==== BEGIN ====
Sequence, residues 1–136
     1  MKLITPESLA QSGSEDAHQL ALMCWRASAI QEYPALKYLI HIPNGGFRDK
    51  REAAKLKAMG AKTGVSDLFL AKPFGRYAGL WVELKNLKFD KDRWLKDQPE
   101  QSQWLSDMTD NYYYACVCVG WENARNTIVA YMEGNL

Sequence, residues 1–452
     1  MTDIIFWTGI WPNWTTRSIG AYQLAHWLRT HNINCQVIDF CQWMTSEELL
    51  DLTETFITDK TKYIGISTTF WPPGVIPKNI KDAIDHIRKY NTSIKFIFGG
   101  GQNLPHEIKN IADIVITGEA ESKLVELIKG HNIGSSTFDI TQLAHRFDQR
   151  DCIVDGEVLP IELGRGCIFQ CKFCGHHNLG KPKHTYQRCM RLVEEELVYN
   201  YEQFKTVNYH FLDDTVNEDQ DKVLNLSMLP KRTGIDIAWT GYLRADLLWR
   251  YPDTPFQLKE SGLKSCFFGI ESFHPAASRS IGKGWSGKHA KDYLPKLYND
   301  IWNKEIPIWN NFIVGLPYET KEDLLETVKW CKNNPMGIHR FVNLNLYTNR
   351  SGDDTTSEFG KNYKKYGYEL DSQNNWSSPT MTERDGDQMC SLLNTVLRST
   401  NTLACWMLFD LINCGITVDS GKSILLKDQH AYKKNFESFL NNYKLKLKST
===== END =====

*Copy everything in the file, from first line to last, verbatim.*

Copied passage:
Sequence, residues 1–136
     1  MKLITPESLA QSGSEDAHQL ALMCWRASAI QEYPALKYLI HIPNGGFRDK
    51  REAAKLKAMG AKTGVSDLFL AKPFGRYAGL WVELKNLKFD KDRWLKDQPE
   101  QSQWLSDMTD NYYYACVCVG WENARNTIVA YMEGNL

Sequence, residues 1–452
     1  MTDIIFWTGI WPNWTTRSIG AYQLAHWLRT HNINCQVIDF CQWMTSEELL
    51  DLTETFITDK TKYIGISTTF WPPGVIPKNI KDAIDHIRKY NTSIKFIFGG
   101  GQNLPHEIKN IADIVITGEA ESKLVELIKG HNIGSSTFDI TQLAHRFDQR
   151  DCIVDGEVLP IELGRGCIFQ CKFCGHHNLG KPKHTYQRCM RLVEEELVYN
   201  YEQFKTVNYH FLDDTVNEDQ DKVLNLSMLP KRTGIDIAWT GYLRADLLWR
   251  YPDTPFQLKE SGLKSCFFGI ESFHPAASRS IGKGWSGKHA KDYLPKLYND
   301  IWNKEIPIWN NFIVGLPYET KEDLLETVKW CKNNPMGIHR FVNLNLYTNR
   351  SGDDTTSEFG KNYKKYGYEL DSQNNWSSPT MTERDGDQMC SLLNTVLRST
   401  NTLACWMLFD LINCGITVDS GKSILLKDQH AYKKNFESFL NNYKLKLKST